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Strengthen the Evidence for Maternal and Child Health Programs

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Items in this list may be obtained from the sources cited. Contact information reflects the most current data about the source that has been provided to the MCH Digital Library.


Displaying records 1 through 5 (5 total).

Danielson C. n.d.. Emergency Medical Services for Children: [Final report]. Augusta, ME: Maine State Board of Emergency Medical Services, 49 pp.

Annotation: This project developed and evaluated a rural emergency medical services for children (EMSC) demonstration program and provided assistance to other rural States in adopting the successful aspects of the program. The focus of the project was the development of a modular training program on care of pediatric emergencies that can be presented in appropriate segments to all levels of prehospital and emergency room personnel. Improved skills and knowledge in emergency care for children resulted in improved medical management of children requiring emergency care and reduced the consequences of the emergency events. [Funded by the Maternal and Child Health Bureau]

Contact: National Technical Information Service, U.S. Department of Commerce, 5301 Shawnee Road, Alexandria, VA 22312, Telephone: (703) 605-6050 Secondary Telephone: (888) 584-8332 E-mail: customerservice@ntis.gov Web Site: http://www.ntis.gov Document Number: NTIS PB93-198752.

Keywords: American Indians, Emergency Medical Services, Emergency Room Personnel, Head injuries, Parent Education, Rural Populations

Peppe K. n.d.. Emergency Medical Services for Children (in 14 Rural Counties) [Final report]. Columbus, OH: Ohio Department of Health, 61 pp. pp.

Annotation: The project's major goal was to prevent childhood emergencies and to improve emergency medical services for children in Ohio by building local support and developing effective local emergency medical systems with linkage to referral centers. Specific project goals included establishing local emergency medical service (EMS) advisory councils; developing train-the-trainer programs for local emergency department personnel; developing networks linking local EMS systems with local emergency department personnel and pediatric medical consultants, and linking demonstration areas with regional children's hospitals and pediatric medical centers; and developing public information and education programs. [Funded by the Maternal and Child Health Bureau]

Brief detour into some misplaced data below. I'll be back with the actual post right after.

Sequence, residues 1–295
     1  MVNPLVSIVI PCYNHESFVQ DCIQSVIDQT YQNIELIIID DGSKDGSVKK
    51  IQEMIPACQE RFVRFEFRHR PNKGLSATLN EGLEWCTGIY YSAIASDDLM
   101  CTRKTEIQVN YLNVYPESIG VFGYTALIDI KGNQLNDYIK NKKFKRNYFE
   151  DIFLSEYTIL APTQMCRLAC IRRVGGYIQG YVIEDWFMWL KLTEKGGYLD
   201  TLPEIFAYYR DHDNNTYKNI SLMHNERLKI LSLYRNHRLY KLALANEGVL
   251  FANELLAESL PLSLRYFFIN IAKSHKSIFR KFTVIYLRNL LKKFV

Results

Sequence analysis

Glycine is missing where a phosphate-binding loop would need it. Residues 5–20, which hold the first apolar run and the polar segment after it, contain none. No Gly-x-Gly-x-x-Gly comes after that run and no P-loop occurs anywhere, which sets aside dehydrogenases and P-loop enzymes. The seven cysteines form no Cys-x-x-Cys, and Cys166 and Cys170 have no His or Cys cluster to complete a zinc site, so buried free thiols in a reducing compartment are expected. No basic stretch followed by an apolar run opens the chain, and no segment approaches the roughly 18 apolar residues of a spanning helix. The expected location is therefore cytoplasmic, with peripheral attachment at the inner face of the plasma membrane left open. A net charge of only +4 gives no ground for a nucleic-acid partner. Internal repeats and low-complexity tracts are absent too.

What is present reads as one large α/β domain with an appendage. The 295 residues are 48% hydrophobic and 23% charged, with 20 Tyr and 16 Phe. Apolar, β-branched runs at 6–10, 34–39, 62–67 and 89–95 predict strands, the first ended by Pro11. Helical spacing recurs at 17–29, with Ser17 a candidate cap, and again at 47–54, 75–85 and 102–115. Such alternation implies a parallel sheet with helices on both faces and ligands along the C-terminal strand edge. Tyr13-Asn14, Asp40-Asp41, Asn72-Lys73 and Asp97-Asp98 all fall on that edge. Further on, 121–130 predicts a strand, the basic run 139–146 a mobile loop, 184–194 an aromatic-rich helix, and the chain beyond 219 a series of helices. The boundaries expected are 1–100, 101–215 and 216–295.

Contact: National Technical Information Service, U.S. Department of Commerce, 5301 Shawnee Road, Alexandria, VA 22312, Telephone: (703) 605-6050 Secondary Telephone: (888) 584-8332 E-mail: customerservice@ntis.gov Web Site: http://www.ntis.gov Document Number: NTIS PB97-124176.

Keywords: Data Collection, Emergency Medical Services for Children, Emergency Room Personnel, Rural Population

Shaw K. 1998. Cost-Effective Emergency Department Screening for UTI in Febrile Children: [Final report]. Philadelphia, PA: Children's Hospital of Philadelphia, 61 pp.

Annotation: Emergency department physicians should have a low threshold for screening for urinary tract infection (UTI) since it is often present and its sequelae are severe. While there is little consistent information about the prevalence of UTI among febrile pediatric patients in the emergency department, there is much debate about the most appropriate clinical and laboratory criteria for diagnosis. Screening is uncomfortable for patients and its costs are significant. A prospective study of febrile infants < 1 year of age and febrile girls ages 1–4 years in a high-volume urban pediatric emergency department was conducted to determine the prevalence of UTI; (2) determine the usefulness of rapid screening tests for UTI, and (3) identify clinical predictors and develop clinical prediction models to stratify children at high risk for UTI. [Funded by the Maternal and Child Health Bureau]